According to FNBI, there are 826 registered kilns in Nepal, of which 157 are movable chimney kilns, which are highly polluting. However, only 20 percent of kilns have adopted the ICIMOD technology. Small kiln owners are hesitant to invest in the new technology without government incentive because it is very expensive. As per FNBI data, 60-70 percent of all kilns in Nepal are small scale.
A kiln owner has to invest over NPR 1.2-1.5 crore for adopting ICIMOD’s technology. Rajkumar Lakhemaru, for instance, whose brick kiln in Bhaktapur was destroyed in the quake, invested NPR 1 crore to upgrade to the new technology. “The technology that I used earlier produced only 30 per cent best quality bricks. I have a stock of nearly 100,000 low-quality bricks for which there are no buyers,” he says. He is, however, hopeful that with ICIMOD’s technology, he will be able to recover his investment in two years by producing high-quality bricks.
The government is not disappointed with the low number of brick manufacturers adopting the technology. “You cannot expect a change overnight. Even a few kiln owners adopting the new technology would lead to competition in the market. We are considering financial incentives for them in the long run,” says Shrestha.
It has taken years of effort by the Nepalese government to persuade kiln owners to switch to clean technology. Until 2011, a majority of kilns used to run on the traditional Bull’s Trench Kiln technology and the Fixed Chimney Bull’s Trench Kiln technology that consume large amounts of coal and emit massive amounts of carbon. In 2002, Kathmandu-based non-profit Clean Energy Nepal conducted a study on emissions from brick kilns and found that PM10 levels increased nearly three times from 217 micrograms per cubic metre (mg/m3) during an off season (March- December) to 603 mg/m3 during the operational season (January-March) of brick kilns. After massive public protests following the report, the government banned the Movable Chimney Bull’s Trench Kiln technology and formulated guidelines to check pollution from kilns. These included phasing out of Movable Chimney Bull Trench Kiln within two years and a ban on kilns within a 1 km radius of schools, hospitals, and tourist spots. Between 2003 and 2006, the government collected NPR 36 lakh through penalty and shut down 22 brick kilns. The stringent action succeeded in bringing down pollution to some extent.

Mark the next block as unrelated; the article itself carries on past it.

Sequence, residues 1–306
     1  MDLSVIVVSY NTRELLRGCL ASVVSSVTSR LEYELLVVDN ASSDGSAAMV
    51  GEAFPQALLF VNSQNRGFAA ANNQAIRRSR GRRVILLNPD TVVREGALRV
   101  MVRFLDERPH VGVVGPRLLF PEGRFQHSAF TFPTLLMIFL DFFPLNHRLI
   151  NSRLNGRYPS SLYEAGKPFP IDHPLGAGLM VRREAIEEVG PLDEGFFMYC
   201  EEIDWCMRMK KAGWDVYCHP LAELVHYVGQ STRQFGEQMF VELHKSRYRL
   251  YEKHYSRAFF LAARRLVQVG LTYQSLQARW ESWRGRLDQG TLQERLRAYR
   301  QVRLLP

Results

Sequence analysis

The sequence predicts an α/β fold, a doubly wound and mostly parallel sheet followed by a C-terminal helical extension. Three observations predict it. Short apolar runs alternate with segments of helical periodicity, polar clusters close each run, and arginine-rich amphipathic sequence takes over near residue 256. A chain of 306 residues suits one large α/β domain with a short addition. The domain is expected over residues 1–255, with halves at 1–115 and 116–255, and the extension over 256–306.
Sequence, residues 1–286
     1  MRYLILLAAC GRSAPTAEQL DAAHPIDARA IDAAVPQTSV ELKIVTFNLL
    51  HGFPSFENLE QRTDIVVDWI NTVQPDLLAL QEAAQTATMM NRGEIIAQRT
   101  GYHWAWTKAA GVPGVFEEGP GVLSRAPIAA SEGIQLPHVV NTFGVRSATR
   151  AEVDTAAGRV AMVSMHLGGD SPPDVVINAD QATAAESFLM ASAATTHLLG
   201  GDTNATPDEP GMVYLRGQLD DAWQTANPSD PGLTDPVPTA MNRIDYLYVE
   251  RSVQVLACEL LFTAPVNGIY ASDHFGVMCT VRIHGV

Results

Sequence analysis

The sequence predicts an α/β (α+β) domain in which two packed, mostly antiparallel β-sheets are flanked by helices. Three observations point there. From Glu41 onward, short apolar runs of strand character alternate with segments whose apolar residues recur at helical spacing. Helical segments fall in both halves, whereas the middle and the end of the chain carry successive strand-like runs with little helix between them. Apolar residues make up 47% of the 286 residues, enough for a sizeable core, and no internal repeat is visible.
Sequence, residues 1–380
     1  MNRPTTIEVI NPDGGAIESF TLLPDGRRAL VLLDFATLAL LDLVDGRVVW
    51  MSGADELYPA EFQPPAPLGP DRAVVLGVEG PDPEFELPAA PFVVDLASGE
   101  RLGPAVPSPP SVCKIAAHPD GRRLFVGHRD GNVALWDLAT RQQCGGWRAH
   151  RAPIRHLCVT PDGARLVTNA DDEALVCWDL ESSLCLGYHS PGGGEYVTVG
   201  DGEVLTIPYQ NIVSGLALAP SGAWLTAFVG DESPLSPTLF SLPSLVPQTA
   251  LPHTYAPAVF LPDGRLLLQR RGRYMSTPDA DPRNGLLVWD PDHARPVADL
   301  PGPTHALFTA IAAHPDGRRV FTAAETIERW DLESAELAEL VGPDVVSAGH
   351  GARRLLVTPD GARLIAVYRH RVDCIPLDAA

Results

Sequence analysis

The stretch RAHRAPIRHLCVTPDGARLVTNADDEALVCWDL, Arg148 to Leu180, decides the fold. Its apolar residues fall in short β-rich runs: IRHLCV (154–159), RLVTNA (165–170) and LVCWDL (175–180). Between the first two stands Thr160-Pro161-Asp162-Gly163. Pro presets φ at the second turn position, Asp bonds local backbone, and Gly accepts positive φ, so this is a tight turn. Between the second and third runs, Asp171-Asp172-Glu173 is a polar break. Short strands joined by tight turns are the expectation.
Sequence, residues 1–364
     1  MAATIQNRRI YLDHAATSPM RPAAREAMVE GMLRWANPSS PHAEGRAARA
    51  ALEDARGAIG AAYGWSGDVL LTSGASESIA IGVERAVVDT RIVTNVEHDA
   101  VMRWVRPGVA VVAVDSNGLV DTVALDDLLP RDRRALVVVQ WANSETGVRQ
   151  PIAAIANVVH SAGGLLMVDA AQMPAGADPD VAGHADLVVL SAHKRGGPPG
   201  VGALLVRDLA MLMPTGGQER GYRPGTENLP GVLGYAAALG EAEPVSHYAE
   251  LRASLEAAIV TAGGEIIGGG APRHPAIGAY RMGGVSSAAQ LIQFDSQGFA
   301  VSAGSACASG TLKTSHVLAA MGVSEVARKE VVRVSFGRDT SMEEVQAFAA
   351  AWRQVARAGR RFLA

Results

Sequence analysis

Persisting with its efforts, in 2002, the government introduced new technologies, such as Vertical Shaft Brick Kiln (VSBK). Pollution levels, meanwhile, continued to spiral as the number of kilns kept increasing. Mahendra Chitrakar, president of the Federation of Nepal Brick Industries, recalls with a hint of anger how brick manufacturers became the biggest villain during 2006-08. “A new method of brick manufacturing, like VSBK, costs NPR 2-3 crore. No kiln owner has such a princely sum,” he says.
According to Shrestha, it was only in 2011 that the polluting Movable Chimney Bull Trench Technology was completely phased out. At the dawn of a new year as Nepal prepares to make a new beginning, the government should introduce more environment-friendly technologies at affordable prices and also provide incentives to the kiln owners who adopt such technologies. This would go a long way in checking pollution levels in the country.
(The views expressed are strictly personal)